This is where I think SawStop could improve the design for users. While they provide a label with all the possible light status conditions, it’s confusing and not intuitive.

I’d like to see subsequent SawStop saws simply have a display screen that shows the saw’s status using words. For example, “Replace Cartridge.” With today’s technology, how hard could that be?

Flesh Sensing Feature | Testing

We did not test the flesh-sensing feature in this review. SawStop’s flesh sensing technology is well documented, and they have proven to reduce injuries. If you’d like to see this feature in action check out SawStop JSS saw review.

Avoiding Non-Flesh Activations | Bypass mode

The bypass mode on this saw is used when cutting conductive materials that can activate the AIM system. It disables the safety system so you can cut conductive materials. We did not test these non-flesh conditions because it’s been proven by SawStop, us and others.  We tested many of them on our previous review of this saw’s JSS bigger brother. [link below]

SawStop Jobsite Table Saw JSS Review

Some examples of these non-flesh activation materials are:

• Green or wet wood
• Wet pressure-treated wood
• Very wet plywood or sheet stock
• Aluminum or other metals
• Carbon-filled materials
• Foil materials
• Saw fence contacting the saw blade

Testing Conductivity of Material

If you suspect that the material you want to cut may activate the brake cartridge, then you can utilize the bypass mode to test the conductivity of the material. The saw is put into bypass mode after cutting the questionable material if the RED light is flashing fast, then the material is too wet or green to cut. If this happens, you will want to keep the saw in bypass mode to finish cutting this material

Leveling Foot

One cool feature, that can easily be missed, is the leveling foot, which is located on the base of the saw, not the folding stand. This leveling foot is designed if using the saw on a tabletop or flat surface and is not used when the saw is on the stand.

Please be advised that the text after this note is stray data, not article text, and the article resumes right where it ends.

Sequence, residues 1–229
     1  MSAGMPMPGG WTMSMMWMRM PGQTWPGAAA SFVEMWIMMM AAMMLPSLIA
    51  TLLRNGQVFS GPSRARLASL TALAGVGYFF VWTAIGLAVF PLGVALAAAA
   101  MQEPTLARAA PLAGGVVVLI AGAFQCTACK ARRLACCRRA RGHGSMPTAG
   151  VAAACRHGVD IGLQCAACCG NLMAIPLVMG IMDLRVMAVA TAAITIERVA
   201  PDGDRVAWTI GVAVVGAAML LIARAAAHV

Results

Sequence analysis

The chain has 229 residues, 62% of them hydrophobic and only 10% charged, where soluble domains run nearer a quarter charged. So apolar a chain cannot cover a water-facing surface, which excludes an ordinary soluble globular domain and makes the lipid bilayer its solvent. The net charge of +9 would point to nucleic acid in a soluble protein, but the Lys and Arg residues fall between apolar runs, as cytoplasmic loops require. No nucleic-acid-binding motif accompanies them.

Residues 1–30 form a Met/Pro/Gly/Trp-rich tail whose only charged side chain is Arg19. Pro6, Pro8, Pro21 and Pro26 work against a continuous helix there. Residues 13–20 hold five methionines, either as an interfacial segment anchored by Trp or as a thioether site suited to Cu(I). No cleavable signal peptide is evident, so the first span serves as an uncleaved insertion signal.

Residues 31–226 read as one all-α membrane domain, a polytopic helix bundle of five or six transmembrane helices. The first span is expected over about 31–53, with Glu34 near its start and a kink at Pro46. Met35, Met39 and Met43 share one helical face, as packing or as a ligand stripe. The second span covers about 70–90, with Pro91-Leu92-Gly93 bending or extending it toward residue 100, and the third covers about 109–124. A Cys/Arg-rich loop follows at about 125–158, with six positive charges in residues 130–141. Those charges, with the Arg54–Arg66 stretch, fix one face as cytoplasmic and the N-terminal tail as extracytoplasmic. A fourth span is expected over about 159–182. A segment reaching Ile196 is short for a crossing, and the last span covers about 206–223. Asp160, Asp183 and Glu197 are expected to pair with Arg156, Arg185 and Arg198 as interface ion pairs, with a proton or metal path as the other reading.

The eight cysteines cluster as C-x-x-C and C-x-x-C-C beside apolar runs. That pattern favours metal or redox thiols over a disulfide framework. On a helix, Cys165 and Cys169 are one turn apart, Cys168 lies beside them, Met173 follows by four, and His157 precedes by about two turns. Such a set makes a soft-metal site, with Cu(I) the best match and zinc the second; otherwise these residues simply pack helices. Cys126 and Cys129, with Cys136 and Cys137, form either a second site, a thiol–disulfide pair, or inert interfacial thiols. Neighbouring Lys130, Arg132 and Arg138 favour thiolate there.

SawStop CTS | Folding Stand

The stand is durable and easy to set up. It has two red clips that rotate open to allow the saw to be placed on the stand and then rotate over the saw frame and lock the saw down.

One thing I did notice was that when taking the saw out of the van on a project the stand slid on the van floor and one of the leg caps fell out. This is a common issue with all stands – and I addressed it like the others. I placed electrical tape on all the caps to prevent them from being lost.


Blade, Riving Knife, and Brake Cartridge

The blade change process is accomplished with the two onboard wrenches in the rear of the saw.

The saw guard, and separate riving knife remove with a flip of a lever. The aluminum brake cartridge easily removes with a removable lever pin.


SawStop CTS Table Saw | Room For Improvement

This saw is great but if I could offer two points of improvement it would be for SawStop to make the status lights and codes show on a lettered display screen. The other improvement would be to make the power cord length longer.


SawStop CTS Table Saw | Cost

The SawStop CTS-120A60 sells for approximately $899.00, a new brake cartridge, model# TSBC-10R3 $95.00 and the folding stand model# CTS-FS $129.00.

All three items are available at Acme Tools, I’ll put a link in the description below.

SawStop Compact Table Saw

Overall Impression

The trade-off for many contractors who recently went to cordless table saws is cordless, size, and weight vs flesh sensing protection. There is no argument that the SawStop CTS table saw is corded, bigger, and heavier. You’re buying this machine first for the protection it offers, and second for the quality of the tools build. The SawStop CTS compact table saw is well built with precision fit and finish, resulting in a very smooth and easy-to-operate saw.

The biggest takeaway is that SawStop is now making a more compact job site saw for under 1,000 bucks. Yup that’s a lot of money compared to other corded table saws out there, but you just need to talk to one contractor who has had a table saw injury claim and see what they think of that cost.

SAWSTOP Compact Table Saw CTS | Video Review

About the author

Rob Robillard

Robert Robillard is a remodeler, general contractor, and principal of a carpentry and renovation business located in Concord, Massachusetts, and serves as the Editor of Tool Box Buzz and founding editor of A Concord Carpenter . Rob is in charge of our Tool and Product Review - Tool and Product Review - Video Channel, , where we post all of our tool reviews and video tutorials. Rob enjoys using his knowledge and experience to help and educate building professionals as well as DIYers on best practices in the remodeling industry. The Concord Carpenter's motto: "Well done is better than well said!" : Read more about Rob Robillard

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1 Comment

  1. Gerald L Thompson Jr

    The throat plate is absurd